If your life had anything to do with science and cybernetics, it was hard not to know her name. Back when the news first broke, the headlines ranged from objective observations to tone-deaf, insulting statements. First Successful Mind Transfer Procedure Completed On Young Girl In Kolkata. Indian Woman Receives Successful Whole Brain Emulation (WBE) Procedure. Believe it or Not, the World’s First Robot-Human is A 17-Year-Old Who Stepped On a Live Landmine. She was a normal teenager, a nobody, turned quasi-celebrity almost overnight-- all because of a freak accident. At just under nineteen years old, she was a household name for many. No matter what the tabloids said, there was one unifying truth: she was the first human conscience in a fully functioning, synthetic body. Her procedure changed bionics forever.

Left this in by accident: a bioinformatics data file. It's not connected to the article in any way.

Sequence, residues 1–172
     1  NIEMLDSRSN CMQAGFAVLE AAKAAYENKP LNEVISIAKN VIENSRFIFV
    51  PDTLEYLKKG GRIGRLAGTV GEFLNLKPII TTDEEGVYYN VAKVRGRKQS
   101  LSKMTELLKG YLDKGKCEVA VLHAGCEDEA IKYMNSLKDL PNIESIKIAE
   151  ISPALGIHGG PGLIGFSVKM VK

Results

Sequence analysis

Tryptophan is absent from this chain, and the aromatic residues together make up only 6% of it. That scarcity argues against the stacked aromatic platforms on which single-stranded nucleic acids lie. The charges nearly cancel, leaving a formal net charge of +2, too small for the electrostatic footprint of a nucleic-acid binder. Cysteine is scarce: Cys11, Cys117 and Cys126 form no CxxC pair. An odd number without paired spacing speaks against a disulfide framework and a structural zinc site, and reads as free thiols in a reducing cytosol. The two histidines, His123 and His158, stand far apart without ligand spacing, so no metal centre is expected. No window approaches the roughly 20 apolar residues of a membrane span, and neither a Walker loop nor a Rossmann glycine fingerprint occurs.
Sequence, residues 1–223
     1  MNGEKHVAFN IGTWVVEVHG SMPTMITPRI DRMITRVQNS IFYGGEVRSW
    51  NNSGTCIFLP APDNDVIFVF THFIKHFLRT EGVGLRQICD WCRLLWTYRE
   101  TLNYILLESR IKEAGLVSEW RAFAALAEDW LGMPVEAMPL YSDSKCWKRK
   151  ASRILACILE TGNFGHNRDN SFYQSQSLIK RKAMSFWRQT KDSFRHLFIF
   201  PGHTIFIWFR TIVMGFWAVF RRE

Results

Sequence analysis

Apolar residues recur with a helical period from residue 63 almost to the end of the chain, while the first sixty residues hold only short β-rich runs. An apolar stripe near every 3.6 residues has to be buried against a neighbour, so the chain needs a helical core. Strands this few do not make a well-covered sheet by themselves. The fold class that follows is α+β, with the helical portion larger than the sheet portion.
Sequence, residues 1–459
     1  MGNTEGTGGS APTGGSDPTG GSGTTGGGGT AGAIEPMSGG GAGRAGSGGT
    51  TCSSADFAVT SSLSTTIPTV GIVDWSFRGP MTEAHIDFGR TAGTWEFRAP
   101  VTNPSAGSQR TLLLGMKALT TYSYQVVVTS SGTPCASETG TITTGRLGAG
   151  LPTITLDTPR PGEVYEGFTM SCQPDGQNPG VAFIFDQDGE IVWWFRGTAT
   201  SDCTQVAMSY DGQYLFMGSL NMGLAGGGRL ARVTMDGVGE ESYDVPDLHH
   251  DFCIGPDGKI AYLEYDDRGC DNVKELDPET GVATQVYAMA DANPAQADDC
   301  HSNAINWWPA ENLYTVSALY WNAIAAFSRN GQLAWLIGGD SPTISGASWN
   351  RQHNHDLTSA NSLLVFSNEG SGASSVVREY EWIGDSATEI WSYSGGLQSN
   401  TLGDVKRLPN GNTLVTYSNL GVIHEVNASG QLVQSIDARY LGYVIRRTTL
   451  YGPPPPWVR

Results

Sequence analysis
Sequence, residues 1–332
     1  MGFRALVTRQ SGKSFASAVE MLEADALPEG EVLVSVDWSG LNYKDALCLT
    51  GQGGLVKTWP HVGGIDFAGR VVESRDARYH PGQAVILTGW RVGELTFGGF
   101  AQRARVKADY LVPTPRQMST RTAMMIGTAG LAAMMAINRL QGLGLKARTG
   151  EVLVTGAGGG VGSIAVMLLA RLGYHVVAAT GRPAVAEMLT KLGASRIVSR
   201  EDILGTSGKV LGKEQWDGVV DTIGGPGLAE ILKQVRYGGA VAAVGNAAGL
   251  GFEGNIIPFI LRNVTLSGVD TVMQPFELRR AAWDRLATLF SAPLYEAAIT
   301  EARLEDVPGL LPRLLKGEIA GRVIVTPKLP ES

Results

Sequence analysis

And soon, she’d be in Goddard’s care.
Nate can hardly find a question adequate enough. She almost died once. Why would she want to do it for a living? Why not just go back to her old life? Why travel so far from home?
Amid his thoughts, all he can mutter is a curious, “Why?”
“A fresh start, I assume. She’s spent the last two years relearning how to walk, talk, write, everything. She’s had to relearn how to be human. But if you spend your whole life just being, you’ll be awfully unfulfilled by the end of it. Goddard is one of only three organizations that her team trusts enough to hand their guardianship over to. It was also her first choice.”
Nate anticipates that this news will break very dramatically for the rest of his team, which might not be too polite for their new cadet. “Do you want me to go get the others? They’re probably getting in their cars right now, it’s not too late--”
General Morales rests a gentle hand on his shoulder and he sits back down. “They’ll find out, but it’s less of a concern to them. There’s a reason I’m speaking to you and not Agents Rivera, Kauri, or Murphy right now. I want you to train her.”